Foreign casinos have been a disaster for Cambodia – The Diplomat

On June 27, hundreds of Cambodian security agents violently dispersed a group of striking NagaWorld casino employees, beating up the mostly female crowd and injuring 10 people. Since December 2021, Phnom Penh casino staff have engaged in organized strikes against layoffs at NagaWorld, which is Cambodia’s largest casino and one of the capital’s largest employers. The strike and the demonstrations that accompanied it led to the arrest of hundreds protesters and angered government officials and state-run newspapers, who falsely claimed the workers’ strike was at the instigation of foreign officers. However, NagaWorld itself is not a native project: it is owned by a Chinese-Malaysian businessman Chen Lip Keong and is publicly listed on the Hong Kong Stock Exchange. NagaWorld is just one of many foreign casinos that have created a host of new social challenges in recent years.

Foreign-backed gambling and casinos are not new to Cambodia’s history. Foreign travelers have come across Chinese-owned casinos in Phnom Penh like from the 16th century. However, the gambling industry in Cambodia exploded in 2017when Chinese-funded casinos took over the once sleepy seaside town of Sihanoukville and initiated the influx of Chinese tourists looking to gamble overseas, which is illegal in china outside of Macau. Sihanoukville has been transformed by the influx of Chinese casinos and hotels, restaurants and karaoke clubs, and Chinese nationals have taken over ownership 90 percent shops in town.

Increased Chinese Interest in Cambodian Gambling increased profits of NagaWorld, which since 2000 has enjoyed monopoly on the game in a 120 mile radius from Phnom Penh. Although casinos only exist to serve foreigners, gambling is illegal for Cambodian citizens – Prime Minister Hun Sen backed increased Chinese investment associated with the gambling industry, arguing that Cambodians would “gain benefits” from the $1 billion in foreign direct investment which was transported to Sihanoukville. While some local industries have benefited from the expansion of foreign casinos, two recent developments have decimated any gains Cambodians could have made: Hun Sen’s surprise ban on online gambling and the impact of COVID-19 pandemic.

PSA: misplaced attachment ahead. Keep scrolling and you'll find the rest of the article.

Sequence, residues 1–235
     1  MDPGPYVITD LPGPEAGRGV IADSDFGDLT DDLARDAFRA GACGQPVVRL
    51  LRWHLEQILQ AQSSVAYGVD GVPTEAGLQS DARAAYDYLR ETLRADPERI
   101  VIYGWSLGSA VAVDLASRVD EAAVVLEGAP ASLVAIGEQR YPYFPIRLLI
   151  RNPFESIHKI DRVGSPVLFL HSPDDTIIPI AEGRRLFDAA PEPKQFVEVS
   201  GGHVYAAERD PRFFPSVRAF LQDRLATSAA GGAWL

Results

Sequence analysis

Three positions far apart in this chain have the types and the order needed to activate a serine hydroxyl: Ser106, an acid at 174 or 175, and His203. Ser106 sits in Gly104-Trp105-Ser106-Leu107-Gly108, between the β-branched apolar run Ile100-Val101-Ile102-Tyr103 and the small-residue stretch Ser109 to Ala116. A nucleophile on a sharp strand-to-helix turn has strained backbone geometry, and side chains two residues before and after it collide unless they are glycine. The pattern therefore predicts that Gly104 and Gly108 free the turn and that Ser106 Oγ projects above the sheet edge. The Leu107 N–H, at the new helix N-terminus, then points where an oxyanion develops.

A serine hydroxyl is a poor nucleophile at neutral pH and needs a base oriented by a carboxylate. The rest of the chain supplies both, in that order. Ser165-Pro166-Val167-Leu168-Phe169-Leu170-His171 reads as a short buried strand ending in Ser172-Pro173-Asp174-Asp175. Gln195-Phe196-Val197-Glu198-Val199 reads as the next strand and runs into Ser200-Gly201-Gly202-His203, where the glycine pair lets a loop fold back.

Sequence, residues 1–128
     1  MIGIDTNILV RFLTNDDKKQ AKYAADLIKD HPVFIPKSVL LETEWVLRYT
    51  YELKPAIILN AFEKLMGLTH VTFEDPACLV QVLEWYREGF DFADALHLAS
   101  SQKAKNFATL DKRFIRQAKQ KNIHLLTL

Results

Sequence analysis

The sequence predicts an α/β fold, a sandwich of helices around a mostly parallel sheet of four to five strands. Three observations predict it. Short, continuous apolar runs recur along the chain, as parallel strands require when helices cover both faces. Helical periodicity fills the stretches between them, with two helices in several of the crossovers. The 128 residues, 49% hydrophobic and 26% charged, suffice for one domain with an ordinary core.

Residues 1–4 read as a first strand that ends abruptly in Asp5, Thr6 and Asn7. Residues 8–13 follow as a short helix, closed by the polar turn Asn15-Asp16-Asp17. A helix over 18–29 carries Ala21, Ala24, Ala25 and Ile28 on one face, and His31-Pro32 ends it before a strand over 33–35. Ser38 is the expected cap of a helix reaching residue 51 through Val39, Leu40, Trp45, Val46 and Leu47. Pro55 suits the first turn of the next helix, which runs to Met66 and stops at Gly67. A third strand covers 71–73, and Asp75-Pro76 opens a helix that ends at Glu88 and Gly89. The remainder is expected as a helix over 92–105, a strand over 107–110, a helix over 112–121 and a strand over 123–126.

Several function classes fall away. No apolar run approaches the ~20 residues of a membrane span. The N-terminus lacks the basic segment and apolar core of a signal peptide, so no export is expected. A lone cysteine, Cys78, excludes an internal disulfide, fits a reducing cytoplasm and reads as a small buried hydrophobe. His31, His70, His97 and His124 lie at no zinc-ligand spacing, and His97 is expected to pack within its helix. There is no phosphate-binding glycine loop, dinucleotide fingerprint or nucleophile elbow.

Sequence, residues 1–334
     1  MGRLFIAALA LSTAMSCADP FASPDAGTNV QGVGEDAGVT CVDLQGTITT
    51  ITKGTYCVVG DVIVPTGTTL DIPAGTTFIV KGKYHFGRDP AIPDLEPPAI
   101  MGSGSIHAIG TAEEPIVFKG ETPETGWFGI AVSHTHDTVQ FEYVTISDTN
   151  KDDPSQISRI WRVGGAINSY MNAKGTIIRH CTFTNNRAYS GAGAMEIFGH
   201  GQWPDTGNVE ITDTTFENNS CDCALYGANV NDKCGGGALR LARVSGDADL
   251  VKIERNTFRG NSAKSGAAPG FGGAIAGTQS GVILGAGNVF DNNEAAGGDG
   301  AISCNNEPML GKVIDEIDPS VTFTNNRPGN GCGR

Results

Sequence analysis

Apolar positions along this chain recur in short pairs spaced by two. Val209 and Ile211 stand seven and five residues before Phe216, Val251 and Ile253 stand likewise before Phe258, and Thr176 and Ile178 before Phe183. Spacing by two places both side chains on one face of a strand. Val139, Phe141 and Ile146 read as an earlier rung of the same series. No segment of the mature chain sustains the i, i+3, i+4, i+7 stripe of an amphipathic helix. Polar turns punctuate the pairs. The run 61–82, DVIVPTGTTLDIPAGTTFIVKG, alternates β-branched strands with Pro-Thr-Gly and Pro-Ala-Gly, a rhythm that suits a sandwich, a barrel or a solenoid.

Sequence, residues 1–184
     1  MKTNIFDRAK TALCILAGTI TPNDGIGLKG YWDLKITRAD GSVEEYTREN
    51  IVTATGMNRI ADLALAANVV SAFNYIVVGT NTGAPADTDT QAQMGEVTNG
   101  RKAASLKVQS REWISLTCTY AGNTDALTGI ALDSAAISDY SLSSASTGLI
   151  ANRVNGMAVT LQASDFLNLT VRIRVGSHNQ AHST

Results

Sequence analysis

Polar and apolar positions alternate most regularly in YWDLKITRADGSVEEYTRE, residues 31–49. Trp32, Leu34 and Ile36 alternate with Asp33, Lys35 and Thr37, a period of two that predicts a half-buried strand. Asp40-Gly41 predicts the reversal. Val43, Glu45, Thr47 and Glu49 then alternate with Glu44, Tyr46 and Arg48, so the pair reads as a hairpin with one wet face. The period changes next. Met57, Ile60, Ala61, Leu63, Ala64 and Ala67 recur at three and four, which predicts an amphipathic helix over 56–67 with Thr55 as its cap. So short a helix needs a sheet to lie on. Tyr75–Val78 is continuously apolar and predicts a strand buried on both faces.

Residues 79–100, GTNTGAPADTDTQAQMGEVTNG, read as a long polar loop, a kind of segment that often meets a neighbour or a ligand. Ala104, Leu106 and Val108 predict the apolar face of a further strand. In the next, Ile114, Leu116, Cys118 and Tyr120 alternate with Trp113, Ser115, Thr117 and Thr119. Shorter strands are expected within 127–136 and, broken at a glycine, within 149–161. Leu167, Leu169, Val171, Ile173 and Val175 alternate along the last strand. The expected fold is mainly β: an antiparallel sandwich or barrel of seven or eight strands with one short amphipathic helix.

In August 2019as brand new casinos opened their doors, Hun Sen announced the ban on online gambling, which had engaged much of the industry’s foreign players and was behind A quarter of the tax that Cambodia levied on casinos. The move was described as political, through which Hun Sen was able to address concerns about crime associated with online gambling. This surprise policy change, however, had an outsized impact. In just four months, the market collapsed: half of the casinos in Sihanoukville closed, 7,700 local Cambodian workers were fired, and 450,000 Chinese nationals Left the country. Then the pandemic hit and foreign tourism – the source of virtually all casino customers – dropped 80%. Since the implementation of the ban on online gambling and the advent of the pandemic, the domestic revenue of the gambling industry has decreased by 90 percent.

Industry revenue losses due to COVID-19 and the gambling ban have exacerbated already egregious working conditions. Foreign-owned casinos have been blamed for numerous labor issues, including insufficient wages for Cambodian workers, poor working conditions, child labor and attacks on union members, the latter having been intensified by the Cambodian government and media. Although much of the workforce that supports Chinese casinos is brought in from China, a tactic used by Chinese developers in many Belt and Road Initiative projectsmany Cambodians were hired as construction workers and casino employees.

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Chinese casino companies have adopted a system of “labour dualism”, in which artificial wage and benefit barriers are created between Chinese and Cambodian workers, resulting in radically different treatment. According to labor researcher Ivan Franceschini, Chinese casino workers on average earn 4.5 times more than their Cambodian colleagues for the same work. Low wages are exacerbated by the rising cost of living in Sihanoukville and Phnom Penh, making it difficult for residents to make ends meet.